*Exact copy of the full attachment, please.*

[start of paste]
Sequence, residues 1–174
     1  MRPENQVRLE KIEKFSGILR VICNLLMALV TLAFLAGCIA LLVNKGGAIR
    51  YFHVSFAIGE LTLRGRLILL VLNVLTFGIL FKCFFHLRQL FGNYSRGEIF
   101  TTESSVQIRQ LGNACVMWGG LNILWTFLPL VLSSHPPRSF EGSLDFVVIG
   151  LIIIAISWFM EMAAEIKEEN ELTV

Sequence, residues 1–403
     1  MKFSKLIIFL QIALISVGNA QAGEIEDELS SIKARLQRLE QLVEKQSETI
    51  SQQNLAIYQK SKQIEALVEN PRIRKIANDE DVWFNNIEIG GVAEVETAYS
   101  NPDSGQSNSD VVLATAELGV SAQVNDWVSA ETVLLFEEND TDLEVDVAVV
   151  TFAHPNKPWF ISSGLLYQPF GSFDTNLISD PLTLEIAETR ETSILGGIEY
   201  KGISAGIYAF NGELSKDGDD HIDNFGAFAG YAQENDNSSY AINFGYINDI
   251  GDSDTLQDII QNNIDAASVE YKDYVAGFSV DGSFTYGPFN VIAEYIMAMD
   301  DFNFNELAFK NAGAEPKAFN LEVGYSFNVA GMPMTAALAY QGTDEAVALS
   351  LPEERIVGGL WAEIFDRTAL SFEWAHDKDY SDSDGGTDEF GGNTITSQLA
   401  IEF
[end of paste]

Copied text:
Sequence, residues 1–174
     1  MRPENQVRLE KIEKFSGILR VICNLLMALV TLAFLAGCIA LLVNKGGAIR
    51  YFHVSFAIGE LTLRGRLILL VLNVLTFGIL FKCFFHLRQL FGNYSRGEIF
   101  TTESSVQIRQ LGNACVMWGG LNILWTFLPL VLSSHPPRSF EGSLDFVVIG
   151  LIIIAISWFM EMAAEIKEEN ELTV

Sequence, residues 1–403
     1  MKFSKLIIFL QIALISVGNA QAGEIEDELS SIKARLQRLE QLVEKQSETI
    51  SQQNLAIYQK SKQIEALVEN PRIRKIANDE DVWFNNIEIG GVAEVETAYS
   101  NPDSGQSNSD VVLATAELGV SAQVNDWVSA ETVLLFEEND TDLEVDVAVV
   151  TFAHPNKPWF ISSGLLYQPF GSFDTNLISD PLTLEIAETR ETSILGGIEY
   201  KGISAGIYAF NGELSKDGDD HIDNFGAFAG YAQENDNSSY AINFGYINDI
   251  GDSDTLQDII QNNIDAASVE YKDYVAGFSV DGSFTYGPFN VIAEYIMAMD
   301  DFNFNELAFK NAGAEPKAFN LEVGYSFNVA GMPMTAALAY QGTDEAVALS
   351  LPEERIVGGL WAEIFDRTAL SFEWAHDKDY SDSDGGTDEF GGNTITSQLA
   401  IEF